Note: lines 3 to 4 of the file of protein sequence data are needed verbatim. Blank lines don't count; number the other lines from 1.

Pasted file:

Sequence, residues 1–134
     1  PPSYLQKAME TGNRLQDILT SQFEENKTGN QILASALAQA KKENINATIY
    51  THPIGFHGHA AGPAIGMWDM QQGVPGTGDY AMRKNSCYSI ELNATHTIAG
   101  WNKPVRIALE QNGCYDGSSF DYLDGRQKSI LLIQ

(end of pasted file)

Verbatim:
    51  THPIGFHGHA AGPAIGMWDM QQGVPGTGDY AMRKNSCYSI ELNATHTIAG
   101  WNKPVRIALE QNGCYDGSSF DYLDGRQKSI LLIQ